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Kevin Yeam: Plan for long-term care and estate-asset protection

It's The Law

Posted: April 23, 2009 9:06 p.m.
Updated: April 24, 2009 4:55 a.m.
 
People are living longer than ever.  As a result, they are incurring more expenses related to their older years (nursing homes averaged about $5,500 per month per person).

Those expenses can quickly deplete their estates.  The laws and government involvement in long-term care are very complex.  

Therefore, it is important to plan ahead and seek qualified legal advise.

Medicare is a federal insurance program paid out of Social Security deductions. All persons over 65 who have made Social Security contributions are entitled to the benefits.

Medicare is not based on financial need.

Medicare does not pay for all medical expenses. Usually it must be supplemented with private insurance — called “medigap” insurance — or consumers can enroll in an HMO plan that contracts with Medicare.

After three days of prior hospitalization, Medicare will pay up to 100 percent for the first 20 days of skilled nursing care. For the 21-100 days, the patient will pay a co-payment.

The premiums and copayments are increased every year. There will be no Medicare coverage for nursing home care beyond 100 days in any single benefit period.  

It should be noted that Medicare only pays for skilled nursing care but does not pay for what’s called custodial care.

The average stay under Medicare is usually less than 24 days.

Thus, few can look to Medicare to pay for any substantial nursing-home costs.

Medi-Cal is a combined federal and California state program designed to help pay for medical care for low-income persons and is not related to the Medicare program.  

This includes: (a) low-income persons who are 65 or over; those who are blind or disabled may qualify for the Aged and Disabled Federal Poverty Level Program; (b) medically indigent adults in skilled nursing or intermediate care, or those who qualify for Medi-Cal funded home and community based option programs.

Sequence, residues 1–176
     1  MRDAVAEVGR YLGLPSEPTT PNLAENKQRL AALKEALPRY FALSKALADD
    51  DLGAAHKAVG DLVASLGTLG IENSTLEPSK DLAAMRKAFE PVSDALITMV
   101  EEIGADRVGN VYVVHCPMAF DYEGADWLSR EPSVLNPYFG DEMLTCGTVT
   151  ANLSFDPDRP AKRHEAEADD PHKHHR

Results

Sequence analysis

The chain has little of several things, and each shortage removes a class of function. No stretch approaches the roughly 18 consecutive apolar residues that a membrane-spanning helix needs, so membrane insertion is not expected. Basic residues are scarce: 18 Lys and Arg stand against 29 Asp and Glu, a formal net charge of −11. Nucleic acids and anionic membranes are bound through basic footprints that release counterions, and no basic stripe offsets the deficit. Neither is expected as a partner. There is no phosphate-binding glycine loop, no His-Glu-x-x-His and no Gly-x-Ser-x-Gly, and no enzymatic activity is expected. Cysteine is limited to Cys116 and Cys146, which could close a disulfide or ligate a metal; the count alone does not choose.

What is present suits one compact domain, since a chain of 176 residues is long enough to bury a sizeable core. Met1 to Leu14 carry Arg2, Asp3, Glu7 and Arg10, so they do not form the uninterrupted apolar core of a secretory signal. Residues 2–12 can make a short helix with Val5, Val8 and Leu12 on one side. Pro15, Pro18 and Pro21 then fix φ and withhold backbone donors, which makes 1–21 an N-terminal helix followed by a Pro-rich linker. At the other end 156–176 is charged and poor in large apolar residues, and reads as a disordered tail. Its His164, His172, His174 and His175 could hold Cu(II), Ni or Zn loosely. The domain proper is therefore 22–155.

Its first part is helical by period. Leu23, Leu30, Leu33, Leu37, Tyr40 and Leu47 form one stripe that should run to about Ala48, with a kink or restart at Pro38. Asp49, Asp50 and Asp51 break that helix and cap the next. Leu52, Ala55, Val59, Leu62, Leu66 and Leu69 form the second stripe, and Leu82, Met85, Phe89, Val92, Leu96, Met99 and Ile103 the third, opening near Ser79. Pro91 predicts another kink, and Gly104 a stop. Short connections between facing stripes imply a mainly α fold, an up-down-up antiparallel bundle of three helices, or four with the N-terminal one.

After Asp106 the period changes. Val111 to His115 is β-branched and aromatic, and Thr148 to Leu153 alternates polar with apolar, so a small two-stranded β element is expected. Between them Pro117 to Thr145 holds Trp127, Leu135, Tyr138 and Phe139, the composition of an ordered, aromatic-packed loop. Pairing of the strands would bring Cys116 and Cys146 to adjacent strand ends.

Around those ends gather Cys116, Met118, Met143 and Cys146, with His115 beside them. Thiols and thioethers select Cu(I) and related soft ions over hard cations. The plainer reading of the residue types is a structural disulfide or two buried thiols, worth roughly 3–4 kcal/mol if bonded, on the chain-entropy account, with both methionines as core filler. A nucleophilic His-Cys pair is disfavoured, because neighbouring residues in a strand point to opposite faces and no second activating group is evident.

Medi-Cal pays for medically necessary health-care services, including some prescriptions, physician visits, adult day-health service, some dental care, ambulance services, some home health, X-ray and laboratory costs, orthopedic devices, eyeglasses, hearing aids, some medical equipment, etc.

Nursing-home care is covered if residents are admitted on a doctor’s order and if the stay is deemed medically necessary.  

Residents are allowed to keep $35 of their income as a personal-needs allowance.

Individuals whose net monthly income is higher than the state payment rate may qualify for the program if they pay or agree to pay an amount equal to the difference between what’s called  the “maintenance need standard” and the individual’s net non-exempt monthly income.

To qualify for Medi-Cal, the recipient must demonstrate that he or she has less than $2,000 of non-exempt property, unless the excess exempt property is spent down for adequate consideration before the end of the application month.

Exempt property generally includes: principle residence, very limited income property, heirloom or under $100 value jewelry, one vehicle, whole-life insurance under $1,500 value, household goods and personal effects, term life insurance, burial plots, a prepaid irrevocable burial plan of any amount and $1,500 in designated burial funds, IRAs and work-related pensions, and cash reserves of less than $2,000.

Giving away non-exempt resources may render a person ineligible for Medi-Cal, but only apply if a Medi-Cal applicant enters a nursing home.

The transfer rules are triggered when a person enters a nursing home and applies for Medi-Cal, as well as any assets transferred within the 60 months prior to the date of the application.

California law allows the community spouse to retain a certain amount of otherwise countable resources available to the couple at the time of application.

This is called Community Spouse Resource Allowance and it increases every year according to the Consumer Price Index.

The 2008 CSRA is $104,400.  California law allows the community spouse to retain a minimum monthly maintenance needs allowance of $2,610 from community or separate property income.

Medi-Cal will submit a claim against the remaining exempt assets of the applicant and the spouse after their death in the amount of the benefits paid by the Medi-Cal plan.

Kevin Yeam is an attorney in Santa Clarita.  He can be reached at (661) 255-9500.  His column represents his own views and not necessarily those of The Signal.  “It’s the Law” appears Fridays and rotates between members of the Santa Clarita Valley Bar Association. www.SCVBar.org.  Nothing contained herein shall be or is intended to be construed as providing legal advice.

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